Dearborn MI Med Mal: Lawsuit claims doctor misdiagnosed kids for financial gain
06/17/2010 // West Palm Beach, Florida, USA // Sandra Quinlan // Sandra Quinlan
Dearborn, MI—A Detroit-area hospital and a doctor were named as defendants in a lawsuit, which alleges hundreds of children were wrongfully diagnosed with epilepsy. The suit, which is pending in Wayne County Circuit Court, was filed on behalf of seven young victims, according to information provided by the Chicago Tribune on Tuesday, June 15, 2010.
The medical malpractice lawsuit contends Dr. Yasser Awaad misdiagnosed countless youngsters with a neurological disorder that they did not have. Many of the victims were allegedly prescribed potent medication for their supposed epilepsy.
The suit alleged the doctor performed different procedures, such as implanting seizure-controlling devices in the brains of several patients, for his own financial gain. In 2005, Oakwood Hospital paid Dr. Awaad $600,692.
Oakwood Hospital was named in the lawsuit based on accusations that the medical center failed to supervise the doctor, even after other MDs made their suspicions of Awaad and his practices known. Awaad moved to Saudi Arabia in 2007.
“We have no reason to believe Dr. Awaad’s care and treatment resulted in any harm or injury during his tenure with Oakwood… The diagnosis and treatment of seizure disorders for each patient is based on an individualized basis and we intend to vigorously defend any cases that may result from these claims,” Oakwood said in the statement.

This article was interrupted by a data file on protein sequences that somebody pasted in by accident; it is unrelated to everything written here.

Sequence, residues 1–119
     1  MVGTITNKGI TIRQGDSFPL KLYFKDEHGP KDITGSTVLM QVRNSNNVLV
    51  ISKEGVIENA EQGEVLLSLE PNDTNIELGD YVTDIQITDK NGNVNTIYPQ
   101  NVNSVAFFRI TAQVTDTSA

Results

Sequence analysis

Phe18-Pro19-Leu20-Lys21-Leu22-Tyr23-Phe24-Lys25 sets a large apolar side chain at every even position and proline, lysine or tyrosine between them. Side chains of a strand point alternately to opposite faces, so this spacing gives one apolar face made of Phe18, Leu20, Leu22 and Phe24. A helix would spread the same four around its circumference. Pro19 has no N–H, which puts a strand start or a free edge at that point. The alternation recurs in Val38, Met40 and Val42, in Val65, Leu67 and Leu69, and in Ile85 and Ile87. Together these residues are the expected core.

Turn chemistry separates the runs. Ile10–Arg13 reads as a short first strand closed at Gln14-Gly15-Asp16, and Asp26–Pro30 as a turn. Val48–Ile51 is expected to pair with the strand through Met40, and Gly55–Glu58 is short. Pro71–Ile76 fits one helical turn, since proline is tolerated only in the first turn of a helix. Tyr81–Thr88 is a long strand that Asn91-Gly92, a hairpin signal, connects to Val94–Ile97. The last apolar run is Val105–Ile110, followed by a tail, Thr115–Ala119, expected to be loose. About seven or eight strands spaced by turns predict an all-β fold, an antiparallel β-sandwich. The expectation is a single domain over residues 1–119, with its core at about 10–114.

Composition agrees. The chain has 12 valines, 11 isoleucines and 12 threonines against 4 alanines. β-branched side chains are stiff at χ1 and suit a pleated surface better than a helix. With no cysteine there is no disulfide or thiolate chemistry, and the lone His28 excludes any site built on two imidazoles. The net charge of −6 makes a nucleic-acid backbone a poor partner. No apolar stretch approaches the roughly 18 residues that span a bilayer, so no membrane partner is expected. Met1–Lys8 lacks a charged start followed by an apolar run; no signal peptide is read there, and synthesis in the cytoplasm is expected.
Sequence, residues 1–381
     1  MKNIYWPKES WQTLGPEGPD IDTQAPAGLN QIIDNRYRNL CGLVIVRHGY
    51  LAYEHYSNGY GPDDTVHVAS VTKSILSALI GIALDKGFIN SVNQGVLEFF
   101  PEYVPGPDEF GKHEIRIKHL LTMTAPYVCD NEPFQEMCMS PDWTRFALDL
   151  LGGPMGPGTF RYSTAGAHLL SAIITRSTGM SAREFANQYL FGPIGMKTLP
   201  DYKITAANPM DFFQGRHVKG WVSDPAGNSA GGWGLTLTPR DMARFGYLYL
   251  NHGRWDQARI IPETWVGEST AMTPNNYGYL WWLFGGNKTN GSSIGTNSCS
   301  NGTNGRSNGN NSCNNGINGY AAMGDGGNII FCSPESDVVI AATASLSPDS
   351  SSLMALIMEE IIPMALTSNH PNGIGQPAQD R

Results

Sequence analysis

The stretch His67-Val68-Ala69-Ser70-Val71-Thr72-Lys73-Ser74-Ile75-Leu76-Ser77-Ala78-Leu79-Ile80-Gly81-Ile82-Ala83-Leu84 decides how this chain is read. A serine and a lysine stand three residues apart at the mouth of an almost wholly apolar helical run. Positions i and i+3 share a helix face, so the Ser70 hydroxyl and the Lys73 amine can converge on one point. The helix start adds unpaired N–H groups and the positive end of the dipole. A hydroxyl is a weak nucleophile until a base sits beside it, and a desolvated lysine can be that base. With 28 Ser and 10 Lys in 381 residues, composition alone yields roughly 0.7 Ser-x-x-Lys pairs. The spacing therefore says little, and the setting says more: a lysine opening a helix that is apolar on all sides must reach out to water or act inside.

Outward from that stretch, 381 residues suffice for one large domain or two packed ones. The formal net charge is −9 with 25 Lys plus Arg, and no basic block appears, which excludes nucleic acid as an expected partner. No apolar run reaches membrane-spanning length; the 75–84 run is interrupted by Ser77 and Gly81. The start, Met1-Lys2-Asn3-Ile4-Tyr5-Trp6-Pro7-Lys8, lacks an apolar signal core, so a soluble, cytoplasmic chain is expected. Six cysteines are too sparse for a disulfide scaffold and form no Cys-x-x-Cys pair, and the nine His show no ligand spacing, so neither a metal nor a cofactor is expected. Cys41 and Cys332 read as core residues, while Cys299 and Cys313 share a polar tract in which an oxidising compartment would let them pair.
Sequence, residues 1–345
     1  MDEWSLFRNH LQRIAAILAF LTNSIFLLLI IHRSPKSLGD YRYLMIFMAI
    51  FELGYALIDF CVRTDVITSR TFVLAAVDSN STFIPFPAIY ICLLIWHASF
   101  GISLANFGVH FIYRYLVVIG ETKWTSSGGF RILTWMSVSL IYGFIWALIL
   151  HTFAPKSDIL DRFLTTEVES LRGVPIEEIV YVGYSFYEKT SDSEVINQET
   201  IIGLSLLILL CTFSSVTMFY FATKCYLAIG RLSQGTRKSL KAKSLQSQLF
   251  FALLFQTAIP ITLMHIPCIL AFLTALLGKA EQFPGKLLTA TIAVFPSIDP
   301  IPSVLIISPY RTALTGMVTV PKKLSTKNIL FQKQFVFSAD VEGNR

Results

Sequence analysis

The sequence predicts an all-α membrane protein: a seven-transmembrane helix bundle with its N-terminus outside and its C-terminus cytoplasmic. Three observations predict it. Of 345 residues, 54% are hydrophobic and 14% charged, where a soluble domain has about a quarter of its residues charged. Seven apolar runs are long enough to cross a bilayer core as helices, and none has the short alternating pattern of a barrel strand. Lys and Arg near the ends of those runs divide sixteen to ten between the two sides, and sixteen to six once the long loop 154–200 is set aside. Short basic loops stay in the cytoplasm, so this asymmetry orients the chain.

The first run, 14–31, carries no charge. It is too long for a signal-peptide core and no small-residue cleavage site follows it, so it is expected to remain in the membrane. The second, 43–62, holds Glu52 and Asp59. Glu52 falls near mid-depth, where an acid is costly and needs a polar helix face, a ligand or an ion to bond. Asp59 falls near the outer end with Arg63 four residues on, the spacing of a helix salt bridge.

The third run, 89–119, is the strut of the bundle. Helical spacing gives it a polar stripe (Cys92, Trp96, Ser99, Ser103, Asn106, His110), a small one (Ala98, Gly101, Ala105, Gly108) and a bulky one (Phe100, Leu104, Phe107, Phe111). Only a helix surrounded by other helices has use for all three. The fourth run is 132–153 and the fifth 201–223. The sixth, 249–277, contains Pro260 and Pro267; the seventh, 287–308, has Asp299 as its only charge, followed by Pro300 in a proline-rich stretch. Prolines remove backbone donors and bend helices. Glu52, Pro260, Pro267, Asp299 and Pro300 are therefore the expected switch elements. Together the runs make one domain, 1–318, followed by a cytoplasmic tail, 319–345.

In one instance, 9-year-old Brian Guy was falsely diagnosed with epilepsy at only three years of age. Dr. Awaad prescribed him strong medicine for the fabricated ailment, which consequently made him weak. Guy also reportedly suffered memory issues from the medication.
In 2007, another doctor determined Guy did not have epilepsy. “(He) told us we shouldn’t have any more kids because our other children would end up with epilepsy… We were just devastated,” said 28-year-old Angel Guy, Brian’s mother.
Reports also indicated that when the plaintiffs’ lawyers looked at CDs of brain test readings of the children, they found them to be normal. Awaad’s medical records of the youngsters, on the other hand, showed them to be abnormal.
While Judge Daphne Means Curtis recommended both sides attempt to settle the lawsuit, the case is ongoing.
Legal News Reporter: Sandra Quinlan- Legal News for Michigan Medical Malpractice Lawyers.
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